For stoolgazing parents nothing raises eyebrows like a bright green diaper. And it’s those shades of neon green that often stir a call to the pediatrician. So what’s the deal with green stool? Is it a problem or preoccupation?
Well take a seat and let's talk about the color of poop. Stool gets it’s color from bile released in the intestinal tract just beyond the stomach. Bile happens to be green. As it makes its way along the length of the intestinal tract, bile undergoes a transformation in color from its original green to a shade of yellow ultimately reaching a rich chestnut hue. I liken this transformation to the ripening of a banana.
Stool that reaches the end of its journey green or yellow typically means that the journey has gone a little quicker than expected. It’s typically nothing of concern although we can see this at times during a tummy bug. Green watery diarrhea in a child can be a problem in this case not because of the color of a baby’s poop but because of the potential for dehydration. So stool color has to be looked at in the context of a child’s other symptoms. If your child isn’t otherwise ill, a green diaper shouldn’t be cause for alarm.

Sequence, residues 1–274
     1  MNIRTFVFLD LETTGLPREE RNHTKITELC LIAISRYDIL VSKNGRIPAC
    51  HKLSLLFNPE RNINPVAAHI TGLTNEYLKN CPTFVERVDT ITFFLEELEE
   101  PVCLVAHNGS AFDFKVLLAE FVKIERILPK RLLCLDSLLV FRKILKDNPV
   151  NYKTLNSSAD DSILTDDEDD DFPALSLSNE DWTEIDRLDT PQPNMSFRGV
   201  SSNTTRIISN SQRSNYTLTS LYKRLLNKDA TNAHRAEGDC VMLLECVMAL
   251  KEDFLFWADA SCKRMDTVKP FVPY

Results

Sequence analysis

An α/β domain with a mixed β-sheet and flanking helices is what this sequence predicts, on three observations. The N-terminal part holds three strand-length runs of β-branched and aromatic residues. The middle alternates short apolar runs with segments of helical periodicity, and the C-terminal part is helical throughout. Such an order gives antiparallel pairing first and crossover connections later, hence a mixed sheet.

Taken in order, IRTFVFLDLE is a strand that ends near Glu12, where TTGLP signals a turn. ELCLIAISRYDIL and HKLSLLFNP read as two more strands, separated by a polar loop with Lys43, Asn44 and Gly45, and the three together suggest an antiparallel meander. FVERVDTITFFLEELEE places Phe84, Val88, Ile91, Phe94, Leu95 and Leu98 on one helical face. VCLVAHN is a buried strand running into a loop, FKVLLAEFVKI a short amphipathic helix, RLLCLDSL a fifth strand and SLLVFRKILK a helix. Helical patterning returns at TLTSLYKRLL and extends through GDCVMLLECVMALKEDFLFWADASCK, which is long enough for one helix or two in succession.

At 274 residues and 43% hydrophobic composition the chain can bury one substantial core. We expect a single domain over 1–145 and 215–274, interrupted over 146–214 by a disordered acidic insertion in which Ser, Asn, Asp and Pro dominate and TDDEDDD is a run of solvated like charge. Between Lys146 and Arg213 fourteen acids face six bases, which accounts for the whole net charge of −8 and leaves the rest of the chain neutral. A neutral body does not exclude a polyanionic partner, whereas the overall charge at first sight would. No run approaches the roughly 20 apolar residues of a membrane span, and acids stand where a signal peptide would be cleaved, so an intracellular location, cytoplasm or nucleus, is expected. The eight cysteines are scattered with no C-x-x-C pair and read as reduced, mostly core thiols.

Still the green stool spooks even the professional. I had a mother recently come very close to abandoning breastfeeding after being told by a lactation consultant that her baby’s green stools were the result of too much foremilk. The mom, desperate for her baby to produce the perfect diaper, tried to no avail to manipulate her baby’s feeding. While it was perhaps the only instance where I’ve seen micromanagement by an LC divide the mother-baby dyad, it’s just one example of the perils of stoolgazing.
So don’t let your preoccupation with stool characteristics become an obsession. And the next time someone frets over a green stool, send them this link.